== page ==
We were delighted to welcome Andrew Moran QC from Serle Court to our London offices this morning to discuss jurisdiction in civil and commercial matters in the UK and Europe post-Brexit.
Since the referendum result was announced in June 2016, MoJ chiefs have been beset with questions as to future plans for British justice. It is a area ripe for discussion, with crucial international conventions due to cease to apply once we are no longer an EU member state.
Currently all 28 EU member states are bound by the same rules. As yet it has not been confirmed whether similar reciprocal arrangements will be put in place or whether we will be subject to that rules that govern non-EU defendants.
In his talk Andrew Moran QC outlined the key pieces of legislation guiding jurisdiction and the general rules for litigants depending on where they are domiciled.
He outlined some interesting disparities in European countries including whether or not the country’s courts have the discretion to decline jurisdiction if another is more appropriate, and whether courts can pursue claims originating abroad.
As a general rule, you sue people where they are domiciled, but courts can assume jurisdiction beyond these limitations. In Germany the defendant having assets in the country is enough to assume jurisdiction. Moran noted that the French civil code makes provision for ‘privileged jurisdiction’ rules where “absent another basis for jurisdiction” French nationals can insist on having their claims heard, or be sued by, a French court.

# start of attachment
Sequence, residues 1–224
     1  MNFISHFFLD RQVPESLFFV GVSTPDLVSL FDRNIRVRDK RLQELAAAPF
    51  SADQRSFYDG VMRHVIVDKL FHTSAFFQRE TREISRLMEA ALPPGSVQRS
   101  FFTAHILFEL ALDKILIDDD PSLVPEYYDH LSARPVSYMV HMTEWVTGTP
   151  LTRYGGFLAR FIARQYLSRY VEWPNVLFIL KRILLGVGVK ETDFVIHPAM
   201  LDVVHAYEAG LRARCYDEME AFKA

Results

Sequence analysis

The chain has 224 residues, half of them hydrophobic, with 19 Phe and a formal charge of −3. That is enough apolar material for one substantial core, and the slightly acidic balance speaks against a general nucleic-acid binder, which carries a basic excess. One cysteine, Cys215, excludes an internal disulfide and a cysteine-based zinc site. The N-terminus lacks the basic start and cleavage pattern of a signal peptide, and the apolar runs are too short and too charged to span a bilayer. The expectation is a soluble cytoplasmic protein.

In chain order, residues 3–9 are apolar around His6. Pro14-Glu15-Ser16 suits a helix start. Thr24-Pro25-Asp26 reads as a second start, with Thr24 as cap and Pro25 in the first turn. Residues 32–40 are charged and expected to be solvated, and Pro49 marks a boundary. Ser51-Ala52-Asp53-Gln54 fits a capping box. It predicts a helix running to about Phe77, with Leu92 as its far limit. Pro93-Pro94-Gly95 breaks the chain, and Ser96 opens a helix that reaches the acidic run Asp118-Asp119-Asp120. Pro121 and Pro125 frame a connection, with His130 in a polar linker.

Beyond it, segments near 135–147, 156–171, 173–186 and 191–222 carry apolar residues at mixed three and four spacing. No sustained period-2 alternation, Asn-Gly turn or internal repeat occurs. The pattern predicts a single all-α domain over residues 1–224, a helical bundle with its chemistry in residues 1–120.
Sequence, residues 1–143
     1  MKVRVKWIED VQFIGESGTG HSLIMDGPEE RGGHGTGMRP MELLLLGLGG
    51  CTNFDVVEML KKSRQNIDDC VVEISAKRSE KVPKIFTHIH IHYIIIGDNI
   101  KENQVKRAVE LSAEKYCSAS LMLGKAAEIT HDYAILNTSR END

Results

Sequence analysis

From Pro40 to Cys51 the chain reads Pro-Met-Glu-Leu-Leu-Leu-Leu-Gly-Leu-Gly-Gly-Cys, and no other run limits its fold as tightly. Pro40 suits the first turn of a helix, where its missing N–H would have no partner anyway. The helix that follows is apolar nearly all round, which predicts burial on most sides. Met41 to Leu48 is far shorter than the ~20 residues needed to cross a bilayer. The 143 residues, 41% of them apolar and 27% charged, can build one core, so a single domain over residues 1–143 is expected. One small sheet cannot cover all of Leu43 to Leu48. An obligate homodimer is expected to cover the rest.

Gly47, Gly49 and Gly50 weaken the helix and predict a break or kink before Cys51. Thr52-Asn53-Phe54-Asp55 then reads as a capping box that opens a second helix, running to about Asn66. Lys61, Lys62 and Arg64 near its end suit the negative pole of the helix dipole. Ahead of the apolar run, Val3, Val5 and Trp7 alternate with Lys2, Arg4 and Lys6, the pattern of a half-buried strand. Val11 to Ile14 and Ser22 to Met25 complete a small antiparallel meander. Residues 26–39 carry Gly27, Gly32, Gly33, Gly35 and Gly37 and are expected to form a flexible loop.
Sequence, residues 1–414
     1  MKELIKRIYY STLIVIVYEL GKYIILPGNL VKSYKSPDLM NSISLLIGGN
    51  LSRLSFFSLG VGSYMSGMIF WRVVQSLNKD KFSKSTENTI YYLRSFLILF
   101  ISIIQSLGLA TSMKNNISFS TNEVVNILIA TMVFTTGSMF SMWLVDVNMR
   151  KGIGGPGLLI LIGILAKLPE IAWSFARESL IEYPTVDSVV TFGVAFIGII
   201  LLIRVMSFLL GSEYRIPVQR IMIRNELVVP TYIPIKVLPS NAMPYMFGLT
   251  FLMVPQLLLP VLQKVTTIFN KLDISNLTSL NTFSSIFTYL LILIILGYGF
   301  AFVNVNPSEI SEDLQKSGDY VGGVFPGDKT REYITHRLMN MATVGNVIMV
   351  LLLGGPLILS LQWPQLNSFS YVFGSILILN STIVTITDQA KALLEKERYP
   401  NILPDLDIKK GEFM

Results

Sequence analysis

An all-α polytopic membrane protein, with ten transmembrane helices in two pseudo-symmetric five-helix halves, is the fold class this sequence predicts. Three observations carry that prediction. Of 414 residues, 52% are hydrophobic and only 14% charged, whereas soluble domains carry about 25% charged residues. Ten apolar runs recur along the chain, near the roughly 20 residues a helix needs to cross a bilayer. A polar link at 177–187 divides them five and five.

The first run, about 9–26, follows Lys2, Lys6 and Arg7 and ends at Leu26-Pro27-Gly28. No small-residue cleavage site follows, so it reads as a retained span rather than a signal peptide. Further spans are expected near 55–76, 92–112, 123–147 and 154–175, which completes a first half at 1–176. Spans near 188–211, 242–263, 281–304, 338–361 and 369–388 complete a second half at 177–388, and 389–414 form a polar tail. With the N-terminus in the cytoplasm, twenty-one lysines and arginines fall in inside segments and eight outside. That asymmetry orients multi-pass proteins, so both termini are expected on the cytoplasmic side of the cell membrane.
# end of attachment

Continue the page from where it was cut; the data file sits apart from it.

These jurisdiction claims become more problematic to defendants if they cannot insist on another, more appropriate jurisdiction for proceedings to be heard.
Unlike the law of England and Wales, French, German and Dutch law does not have a doctrine of forum non conveniens wherein they will stay proceedings if they know that another jurisdiction is more appropriate.
Jurisdiction for family matters is different and has its own rules but the implications of Brexit will also concern family lawyers. In a divorce, jurisdiction might be the difference between being awarded half of the marital pot or none at all. There might be more than one appropriate forum, in which case it’s down to who files for divorce first. However in the absence of a replicated agreement, courts might face the prospect of total asymmetry .”A British woman could be forced to stop her divorce case in the English courts if her husband had filed first in Germany, but the reverse would not be true”, warned Baroness Sherlock in the European Union (Withdrawal) Bill debate in the House of Lords this week.
What will happen to our legal industry?
Moran was optimistic about the future of litigation in the UK, explaining that the significance of the English courts is such that Brexit would not deter litigants.
He told his audience not to underestimate the importance of the English language and of the quality of the legal profession and judiciary. The speed of proceedings also pulls litigants in from the international marketplace.
Moran noted that expert Oxford professor Adrian Briggs QC foresees Brexit having a very limited effect on legal landscape.
If there were a decline in a business it would happen slowly, Moran explained, whilst predicting that international businesses would be unlikely to ignore a UK court order and risk their credit rating.
Giving as an example a Kuwaiti bank and a Ugandan company who have to have their claims heard somewhere but don’t trust the other’s jurisdiction, they would arbitrate, Moran explained, or litigate in London, where there is expertise “on-tap”. “The sheer number of arbitration centers in London is testament to that.”